Stability
Stable Process
Standard Deviation
Statistic
Statistical Control
Statistical Inference
Statistical Process Control
Statistical Tolerance Limits
201
APPENDIX G Glossary of Terms and Symbols
Stoplight Control Chart
A probability based chart approach to process control that uses three categories and double sampling. In this approach the target area is designated green, the warning areas as yellow, and the stop zones as red. The use of these colors gives rise to the "stoplight" designation. One or more observations or measurements used to analyze the performance of a process. Rational subgroups are usually chosen so that the variation represented within each subgroup is as small as feasible for the process (representing the variation from common causes), and so that any changes in the process performance (i.e., special causes) will appear as differences between subgroups. Rational subgroups are typically made up of consecutive pieces, although random samples are sometimes used. See Specification. See Statistical Tolerance Limits. See Variation. Rejecting an assumption that is true; e.g., taking action appropriate for a special cause when in fact the process has not changed (overcontrol). This is associated with the producer's or alpha risk. Failing to reject an assumption that is false; e.g., not taking appropriate action when in fact the process is affected by special causes (undercontrol). This is associated with the consumer's risk or beta risk. A distribution is said to be unimodal if it has only one mode. Quantitative data, where measurements are used for analysis. Examples include the diameter of a bearing journal in millimeters, the closing effort of a door in Newtons, the concentration of electrolyte in percent, or the torque of a fastener in Newtonmeters. and R , an d s , median and range, and individuals and moving range control charts are used for variables data.
Subgroup
Tolerance Tolerance Interval Total Process Variation Type I Error
Type II Error
Unimodal
Variables Data
202
APPENDIX G Glossary of Terms and Symbols
See also Attributes Data. (The term "Variables", although awkward sounding, is used in order to distinguish the difference between something that varies, and the control chart used for data taken from a continuous variable). Variation The inevitable differences among individual outputs of a process; the sources of variation can be grouped into two major classes: Common Causes and Special Causes. Inherent Variation: That process variation due to common causes only. Withinsubgroup Variation: This is the variation due only to the variation within the subgroups. If the process is in statistical control this variation is a good estimate of the inherent process variation. It can be estimated from control charts by or .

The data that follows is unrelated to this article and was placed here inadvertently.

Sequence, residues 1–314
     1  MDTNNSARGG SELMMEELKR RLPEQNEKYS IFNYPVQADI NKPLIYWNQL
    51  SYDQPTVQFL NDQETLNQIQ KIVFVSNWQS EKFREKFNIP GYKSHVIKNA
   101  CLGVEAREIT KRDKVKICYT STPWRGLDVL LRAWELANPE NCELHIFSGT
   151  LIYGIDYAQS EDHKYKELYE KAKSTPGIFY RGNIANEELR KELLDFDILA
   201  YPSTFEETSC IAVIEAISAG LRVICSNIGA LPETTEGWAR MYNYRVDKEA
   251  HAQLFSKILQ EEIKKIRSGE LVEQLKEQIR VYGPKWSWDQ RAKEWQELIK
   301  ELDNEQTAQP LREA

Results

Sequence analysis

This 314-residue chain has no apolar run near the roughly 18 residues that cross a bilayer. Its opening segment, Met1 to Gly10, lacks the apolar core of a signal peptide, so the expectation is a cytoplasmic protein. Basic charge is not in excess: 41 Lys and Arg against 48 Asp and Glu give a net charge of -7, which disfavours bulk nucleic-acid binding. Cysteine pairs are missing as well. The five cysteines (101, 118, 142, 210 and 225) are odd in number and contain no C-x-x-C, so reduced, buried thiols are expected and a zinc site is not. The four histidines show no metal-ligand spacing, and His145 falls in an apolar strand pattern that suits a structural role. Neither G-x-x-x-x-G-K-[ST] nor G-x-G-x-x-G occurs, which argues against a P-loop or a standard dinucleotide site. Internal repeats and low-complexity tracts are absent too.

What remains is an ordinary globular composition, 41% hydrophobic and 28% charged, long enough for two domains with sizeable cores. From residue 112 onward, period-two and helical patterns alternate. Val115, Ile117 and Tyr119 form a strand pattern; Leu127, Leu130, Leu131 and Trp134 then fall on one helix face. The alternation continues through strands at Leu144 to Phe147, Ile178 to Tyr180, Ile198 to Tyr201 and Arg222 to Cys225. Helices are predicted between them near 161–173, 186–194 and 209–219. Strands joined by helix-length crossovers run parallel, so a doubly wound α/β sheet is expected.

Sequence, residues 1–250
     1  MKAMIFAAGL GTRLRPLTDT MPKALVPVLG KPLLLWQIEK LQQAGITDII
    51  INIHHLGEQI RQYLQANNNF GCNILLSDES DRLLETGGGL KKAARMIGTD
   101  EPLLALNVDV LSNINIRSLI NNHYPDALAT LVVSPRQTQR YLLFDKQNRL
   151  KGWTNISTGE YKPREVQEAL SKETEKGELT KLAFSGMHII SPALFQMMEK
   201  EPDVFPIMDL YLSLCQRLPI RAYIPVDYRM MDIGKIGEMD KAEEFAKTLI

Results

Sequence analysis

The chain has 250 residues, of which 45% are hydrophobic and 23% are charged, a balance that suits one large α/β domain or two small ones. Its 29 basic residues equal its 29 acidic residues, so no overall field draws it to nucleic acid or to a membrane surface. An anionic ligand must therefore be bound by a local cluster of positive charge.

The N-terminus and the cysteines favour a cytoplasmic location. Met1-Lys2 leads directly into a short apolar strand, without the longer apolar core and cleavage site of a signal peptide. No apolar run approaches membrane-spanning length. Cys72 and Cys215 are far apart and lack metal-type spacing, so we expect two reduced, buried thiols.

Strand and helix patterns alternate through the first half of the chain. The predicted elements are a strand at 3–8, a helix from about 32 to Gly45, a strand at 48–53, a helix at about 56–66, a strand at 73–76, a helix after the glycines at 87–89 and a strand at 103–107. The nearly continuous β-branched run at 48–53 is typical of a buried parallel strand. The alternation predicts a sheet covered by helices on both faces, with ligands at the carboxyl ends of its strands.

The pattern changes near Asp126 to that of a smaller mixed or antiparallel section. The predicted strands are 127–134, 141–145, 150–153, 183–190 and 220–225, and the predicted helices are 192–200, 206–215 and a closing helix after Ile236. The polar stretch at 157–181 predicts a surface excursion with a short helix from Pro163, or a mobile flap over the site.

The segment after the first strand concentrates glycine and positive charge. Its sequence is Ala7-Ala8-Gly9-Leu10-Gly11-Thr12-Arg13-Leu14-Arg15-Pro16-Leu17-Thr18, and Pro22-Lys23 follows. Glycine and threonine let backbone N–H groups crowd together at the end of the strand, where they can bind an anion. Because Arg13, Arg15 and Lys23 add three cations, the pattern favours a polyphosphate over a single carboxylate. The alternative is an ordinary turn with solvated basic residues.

Betweensubgroup Variation: This is the variation due to the variation between subgroups. If the process is in statistical control this variation should be zero. Total Process Variation: This is the variation due to both withinsubgroup and betweensubgroup variation. If the process is not in statistical control the total process variation will include the effect of the special cause(s) as well as the common causes. This variation may be estimated by s, the sample standard deviation, using all of the individual readings obtained from either a detailed control chart or a process study: where xi is an individual reading, is the average of the individual readings, and n is the total number of individual readings. Withinsubgroup Variation Zone Analysis See Variation. This is a method of detailed analysis of a Shewhart chart between the control chart which divides the control limits into three equidistant zones above the mean and three equidistant zones below the mean. 57
57
See also AT&T. (1984). 203
APPENDIX G Glossary of Terms and Symbols
Symbols as Used in This Manual
A2 A multiplier of used to calculate the control limits for averages; tabled in Appendix E. A multiplier of used to calculate the control limits for
medians; tabled in Appendix E.
A3
A multiplier of s used to calculate the control limits for averages; tabled in Appendix E.
B3,B4
Multipliers of used to calculate the lower and upper control limits, respectively, for sample standard deviations; tabled in Appendix E. The number of nonconformities in a sample. The c chart is described in Chapter II, Section C. The average number of nonconformities in samples of constant size n.
c
c4 Cp Cpk
The divisor of used to estimate the process standard deviation; tabled in Appendix E. The capability index for a stable process, typically defined as The capability index for a stable process, typically defined as the minimum of CPU or C P L .
CPL
The lower capability index, typically defined as
204
APPENDIX G Glossary of Terms and Symbols
CPU
The
upper
capability
index,
typically
defined
as
CR
The capability ratio for a stable process, typically defined a as
d2